It's not 'repugnant' privatisation and he doesn't have any himself, but shadow health secretary Dr Liam Fox thinks health insurance is the key to improving health outcomes, as he tells Patrick Butler

The only way Britain can afford the resources to improve health outcomes, says shadow health secretary Dr Liam Fox, is to unravel the unsustainable NHS 'monopoly' by encouraging mass voluntary take-up of affordable, user-friendly private health insurance.

The resurgent private sector would then 'augment', rather than compete with the NHS, providing simple, non urgent, insurance-funded treatments to release NHS capacity and allow it to focus resources on urgent specialties such as heart disease and cancer.

Dr Fox wants to see the NHS driven by clinical priorities, with guaranteed waiting-time targets and uniform standards of quality and service across the country.

The strategic aim is to ensure healthcare resources are focused on the people who need them most.

What this does not mean is privatisation, he said last week after the first Commons health debate of the new session. He is against NHS privatisation but in favour of public-private partnerships, 'mixed provision' and 'the best of both worlds'.

There are times when Dr Fox's 'commonsense revolution' sounds - and to suggest this would irritate him no end - impeccably Blairite. Not that this has deterred Labour's spin doctors, who paint Dr Fox as an arch-privatiser who would destroy the NHS.

He also looks impeccably Blairite. Dr Fox is personable, well groomed, speaks with a Scottish accent and likes to suggest he carries no ideological baggage.

'On health I like to think the values I had in my medical training are the values I bring to healthcare policy. I don't regard it as some ideological crusade, ' he says.

The choices, he believes, are simple:

either more public money is spent on the NHS, which the Treasury would veto; or NHS funds increase at current growth rates, 'which will condemn us to a system whose health outcomes are considerably poorer than comparable European countries'; or extra resources are raised through voluntary private health insurance - the Conservatives' Big Idea.

But as Big Ideas go, health insurance is currently a bit of a damp squib. It has a minute share of the healthcare market, and the public shows no sign of wanting to buy it in any quantity.

Dr Fox admits that he does not have private health insurance because the products on offer are so unattractive.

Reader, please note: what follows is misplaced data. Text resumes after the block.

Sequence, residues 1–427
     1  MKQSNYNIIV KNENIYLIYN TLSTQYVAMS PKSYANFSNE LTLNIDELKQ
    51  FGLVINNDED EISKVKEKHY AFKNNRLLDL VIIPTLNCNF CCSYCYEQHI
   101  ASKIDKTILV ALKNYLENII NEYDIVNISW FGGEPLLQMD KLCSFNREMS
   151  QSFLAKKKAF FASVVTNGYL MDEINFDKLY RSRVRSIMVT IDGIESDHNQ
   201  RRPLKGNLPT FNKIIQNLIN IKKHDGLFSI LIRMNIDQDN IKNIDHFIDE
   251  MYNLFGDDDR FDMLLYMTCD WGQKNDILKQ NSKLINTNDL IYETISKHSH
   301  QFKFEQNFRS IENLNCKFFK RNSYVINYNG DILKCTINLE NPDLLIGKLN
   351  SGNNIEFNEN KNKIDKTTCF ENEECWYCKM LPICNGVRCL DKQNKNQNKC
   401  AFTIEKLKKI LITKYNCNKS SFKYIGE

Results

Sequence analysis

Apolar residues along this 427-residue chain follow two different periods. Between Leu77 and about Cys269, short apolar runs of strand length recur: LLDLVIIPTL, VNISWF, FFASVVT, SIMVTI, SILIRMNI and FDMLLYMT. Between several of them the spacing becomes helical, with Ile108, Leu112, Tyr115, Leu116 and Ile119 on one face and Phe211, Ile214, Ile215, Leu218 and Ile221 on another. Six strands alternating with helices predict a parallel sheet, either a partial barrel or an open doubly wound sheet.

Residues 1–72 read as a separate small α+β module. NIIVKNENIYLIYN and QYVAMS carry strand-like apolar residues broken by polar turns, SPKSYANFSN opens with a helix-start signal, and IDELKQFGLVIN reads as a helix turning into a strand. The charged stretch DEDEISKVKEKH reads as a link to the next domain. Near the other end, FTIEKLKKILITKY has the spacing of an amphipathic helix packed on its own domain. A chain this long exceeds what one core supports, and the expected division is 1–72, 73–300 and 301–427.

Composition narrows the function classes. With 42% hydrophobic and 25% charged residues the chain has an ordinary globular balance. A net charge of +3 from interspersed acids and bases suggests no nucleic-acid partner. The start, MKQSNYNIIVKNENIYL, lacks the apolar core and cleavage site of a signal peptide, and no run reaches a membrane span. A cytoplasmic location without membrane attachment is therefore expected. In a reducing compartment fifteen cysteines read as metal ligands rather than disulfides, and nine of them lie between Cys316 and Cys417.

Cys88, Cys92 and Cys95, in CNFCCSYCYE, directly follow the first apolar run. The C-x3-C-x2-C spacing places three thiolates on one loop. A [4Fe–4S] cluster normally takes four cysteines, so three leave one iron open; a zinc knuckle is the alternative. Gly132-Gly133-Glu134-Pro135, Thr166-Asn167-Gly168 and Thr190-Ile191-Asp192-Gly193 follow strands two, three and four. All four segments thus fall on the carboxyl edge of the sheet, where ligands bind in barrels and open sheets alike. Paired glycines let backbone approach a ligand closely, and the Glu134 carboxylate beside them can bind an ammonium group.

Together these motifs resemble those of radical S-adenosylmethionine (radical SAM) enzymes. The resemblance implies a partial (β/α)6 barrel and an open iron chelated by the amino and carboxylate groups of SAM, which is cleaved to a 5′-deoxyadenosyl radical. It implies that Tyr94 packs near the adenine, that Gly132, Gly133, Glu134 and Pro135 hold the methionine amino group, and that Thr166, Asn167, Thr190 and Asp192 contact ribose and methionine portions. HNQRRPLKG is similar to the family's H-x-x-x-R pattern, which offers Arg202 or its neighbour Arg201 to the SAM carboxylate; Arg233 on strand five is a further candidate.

So how does he want to stimulate demand for it?

'I want to revolutionise the availability of private healthcare products. I want far greater competition in their industry and far more products available than currently exist.

'I want people to get them through mutual societies, through friendly societies, through their trade unions.

There are some excellent private medical facilities open to trade union members and that offloads a great burden from the NHS. I want to see that encouraged.'

He adds: 'It's not an alternative but an augmentation to the NHS and that's the crucial part. I want it to be an increase in capacity, not competition.'

Dr Fox insists that tax relief may not be necessary to tempt the punters. 'I think we should be in a situation where private companies offer products that are cheap enough, flexible enough and good enough for people not to require any tax incentives to have them.'

But is he not trying to ratchet up demand for private care artificially by presenting the NHS as a failure?

Health secretary Alan Milburn has taunted Dr Fox for talking down the NHS, calling him and his colleagues 'Dr Gloom and the Doom Merchants - like some failed 1960s pop group'.

Dr Fox counters: 'What I want to see is a health service where people are sure that if they require serious treatment when they have clinical urgency then the NHS will see them in a guaranteed minimum time.

'I think it's absurd that people will take out private health insurance to cover them for heart disease or chemotherapy, which are services which should, because of the conditions they cover, be made urgently and quickly available on the NHS.

'If people choose to have their lumps and bumps done more quickly by spending some of their already taxed income then I don't have a problem with that.'

Another Conservative Big Idea is giving power back to clinicians. The Patients' Guarantee, to guarantee waiting times for all treatments, would allow doctors to reorder waiting lists to put those who need urgent treatment at the top and those who can wait further down.

This would effectively float regulatory and accountability mechanisms out of Whitehall into the professions.

The medical royal colleges would develop protocols to ensure standards of treatment were the same 'across the board', while the policing of standards could be done by the Academy of Royal Colleges.

'The vast majority of doctors want to be left alone by politicians to get on with treating the patients in the way their experience and education dictates, ' says Dr Fox.

'Only the most paranoid of politicians would see doctors as the dark forces of conservatism.'

See politics, page 21.